Today would have been the 100th birthday for actor Bob Cummings, known as a film star during the 1940's and 1950's but primarily remembered today for television's LOVE THAT BOB (1955-59).
LOVE THAT BOB (a.k.a. THE BOB CUMMINGS SHOW) was TV's first sex comedy, about a man taking Hugh Hefner's playboy philosophy to heart and living it out while his married peers often lived vicariously through him. Set in Los Angeles, the show centered around the adventures of single ace photographer Bob Collins, surrounded by beautiful fashion models--among them Joi Lansing, Lisa Gaye, and Ingrid Goude. Squiring all of them around town every chance he got, Bob carefully tiptoed away every time the subject of marriage came up.
And it came up often, as he lived with his widowed sister Margaret (Rosemary DeCamp) and her son Chuck (Dwayne Hickman, DOBIE GILLIS). Margaret was always worried about the example being set for her son, who clearly emulated and envied Uncle Bob. Plots centered around Bob's active dating life and numerous attempts at romantic conquests, the efforts of several of his models to settle him down for good, and the attempts of his loyal, plain Jane assistant Schultzy (Ann B. Davis, THE BRADY BUNCH) to win her boss' heart herself.
Produced by Paul Henning (whose biggest splash, THE BEVERLY HILLBILLIES, was yet to come) and directed mostly by Rod Amateau and Cummings himself, LOVE THAT BOB was a hyper, campy show with witty scripts.
Many who comment on the show make fun of how unlikely a ladies' man BOB was, with his overly theatrical mannerisms and cliched pickup lines (the latter providing some of the greatest, corniest fun when viewed today). I think these reviewers (among them Harry Castleman and Walter Podrazik, whose book is one of the best I've ever read on series television) miss the point. I mean, Hef didn't have all of those women around him because of his looks or cool either. Bob Collins was not only a financially successful single man, but he was also in a position to further a model's career. If he was objectifying the models, they were certainly objectifying him too. It was literally Tit for Tat.
Also, Bob's age is not ignored and hints are dropped regarding the coming youth revolution. He is reminded by his sister that "it's later than you think" and he clearly feels threatened on those rare occasions when a younger muscleman is around. Bob Gets Out-Uncled is a great example of the latter, guest starring Rams star Elroy Hirsch.
It's too bad that this is another series that has vanished from the airwaves since CBN ran it during the 1980's. There is a 16 episode sampler on DVD which I'll get around to reviewing here at some point, but it would still be great to get more...there's 173 episodes to choose from, after all.
As dated as it is (give BOB a break, the show is 50 years old!), it's still educational to see what passed for a sex comedy within the rigid rules of 1950's television, and startling at times to see how far BOB (and Bob) could go without skirting those boundaries. Margaret was his sister, but she acted an awful lot like a wife in most episodes, and her son Chuck looked a lot like Bob....enough to pass for his son. Bob was constantly put in the position of having to hide his latest romance from Margaret for various reasons, often sneaking out the back door to avoid "getting caught". Viewed within this context many episodes operate as "how to cheat on your spouse" primers, a full decade before GUIDE FOR THE MARRIED MAN and in an era far more noted for gentle family comedy along the lines of OZZIE AND HARRIET and LEAVE IT TO BEAVER.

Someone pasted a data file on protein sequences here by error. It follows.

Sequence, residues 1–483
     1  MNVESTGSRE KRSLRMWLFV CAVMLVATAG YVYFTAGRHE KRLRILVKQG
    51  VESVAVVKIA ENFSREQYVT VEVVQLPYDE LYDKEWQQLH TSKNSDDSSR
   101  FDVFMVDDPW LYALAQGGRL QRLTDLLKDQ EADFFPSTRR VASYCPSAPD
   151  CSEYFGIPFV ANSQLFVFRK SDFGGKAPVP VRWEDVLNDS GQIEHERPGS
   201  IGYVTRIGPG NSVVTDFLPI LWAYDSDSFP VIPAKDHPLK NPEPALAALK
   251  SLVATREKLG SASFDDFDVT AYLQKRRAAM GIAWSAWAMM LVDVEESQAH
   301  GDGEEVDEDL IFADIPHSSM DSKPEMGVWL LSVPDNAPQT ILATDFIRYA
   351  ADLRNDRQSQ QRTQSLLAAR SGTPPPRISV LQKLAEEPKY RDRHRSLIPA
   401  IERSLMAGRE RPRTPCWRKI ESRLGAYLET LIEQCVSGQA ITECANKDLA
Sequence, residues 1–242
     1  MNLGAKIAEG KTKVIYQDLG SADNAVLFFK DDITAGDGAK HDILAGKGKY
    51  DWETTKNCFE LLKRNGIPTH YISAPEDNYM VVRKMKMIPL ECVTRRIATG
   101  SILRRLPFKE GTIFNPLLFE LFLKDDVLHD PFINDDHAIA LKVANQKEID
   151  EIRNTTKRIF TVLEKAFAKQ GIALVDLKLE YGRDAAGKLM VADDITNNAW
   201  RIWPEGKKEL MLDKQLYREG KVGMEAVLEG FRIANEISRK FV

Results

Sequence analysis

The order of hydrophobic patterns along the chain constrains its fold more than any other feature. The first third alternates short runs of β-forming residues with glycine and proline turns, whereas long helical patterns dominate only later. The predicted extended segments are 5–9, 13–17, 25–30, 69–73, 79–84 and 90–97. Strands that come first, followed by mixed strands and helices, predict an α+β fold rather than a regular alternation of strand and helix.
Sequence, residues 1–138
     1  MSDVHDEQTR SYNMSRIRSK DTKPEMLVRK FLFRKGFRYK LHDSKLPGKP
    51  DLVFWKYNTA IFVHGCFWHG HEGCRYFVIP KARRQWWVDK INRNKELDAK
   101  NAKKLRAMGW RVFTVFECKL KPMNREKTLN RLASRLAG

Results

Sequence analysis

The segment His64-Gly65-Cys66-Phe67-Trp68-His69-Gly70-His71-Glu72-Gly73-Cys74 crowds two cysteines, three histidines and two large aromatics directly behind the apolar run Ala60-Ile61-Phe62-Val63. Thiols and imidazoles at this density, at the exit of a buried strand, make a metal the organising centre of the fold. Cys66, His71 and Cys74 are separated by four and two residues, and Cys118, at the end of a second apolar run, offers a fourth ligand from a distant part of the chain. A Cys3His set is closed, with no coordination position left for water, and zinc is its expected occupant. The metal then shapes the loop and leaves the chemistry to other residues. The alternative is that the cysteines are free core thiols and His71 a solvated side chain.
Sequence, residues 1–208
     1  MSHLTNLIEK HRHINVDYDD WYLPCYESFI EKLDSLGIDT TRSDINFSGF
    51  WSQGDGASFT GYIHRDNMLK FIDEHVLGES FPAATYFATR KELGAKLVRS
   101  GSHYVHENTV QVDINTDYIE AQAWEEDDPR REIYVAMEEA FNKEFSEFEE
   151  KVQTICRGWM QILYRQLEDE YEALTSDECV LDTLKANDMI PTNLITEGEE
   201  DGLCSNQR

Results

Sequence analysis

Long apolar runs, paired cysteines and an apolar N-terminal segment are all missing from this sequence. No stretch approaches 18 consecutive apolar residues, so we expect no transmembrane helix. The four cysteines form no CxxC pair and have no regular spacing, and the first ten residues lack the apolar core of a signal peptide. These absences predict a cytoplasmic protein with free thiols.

You also get to see producer/creator Paul Henning laying the groundwork for THE BEVERLY HILLBILLIES. Bob Collins and family traveled "back home" to Joplin, Missouri (both Henning and Cummings were natives) in many episodes, allowing Cummings to whiten his hair, hunch over and play his own grandfather--an older version of Bob, right down to the penchant for aviation and his own photography studio where he could woo models too. Future "Miss Jane" Nancy Kulp plays a birdwatching expert in multiple episodes who, like Schultzy, pined for Bob but couldn't compete with the curvy models. And while Henning was credited with introducing multi-episode arcs to sitcoms on HILLBILLIES, he actually started doing it on LOVE THAT BOB. Among the more memorable ones: a "will he or won't he" with guest star Lola Albright almost getting Bob to the alter across six 1955 episodes; Chuck's four episode foray into singing; and a screamingly funny two-parter with Bob saving Air Force buddy Harvey Helm's job by double dating with obnoxious furniture king Jesse White.
For some great behind the scenes info on arguably the edgiest of all 1950's sitcoms (its either this one, or BILKO), I recommend Dwayne Hickman's autobiography, FOREVER DOBIE.
Cummings probably expected to be here for his 100th. He was known as Hollywood's first real health nut, gobbling vitamins, writing a book at age 52 called HOW TO STAY YOUNG AND VITAL, getting injections of "monkey glands and sheep sperm" in the 1950's, and, years before the Surgeon General's historic 1964 report, announcing to anyone who would listen that smoking was a health destroyer. The latter was a particularly courageous stance, as his hit TV show was sponsored by Winston cigarettes. (If you carefully watch any of the old Winston commercials for his show, you'll notice Cummings holds the cigarette but never actually partakes of it.) Alas, all the effort didn't quite bring good old Bob to the century mark--he was diagnosed with Parkinson's Disease in the late 1980's and passed away in 1990 at age 82.
|The look of a man about to score, eh?|
Regardless, Mr. Cummings, we here at The Horn Section salute you on your 100th, and may your greatest work return to the airwaves sometime soon.
Bob: "--And your girl goes out with the other guys!"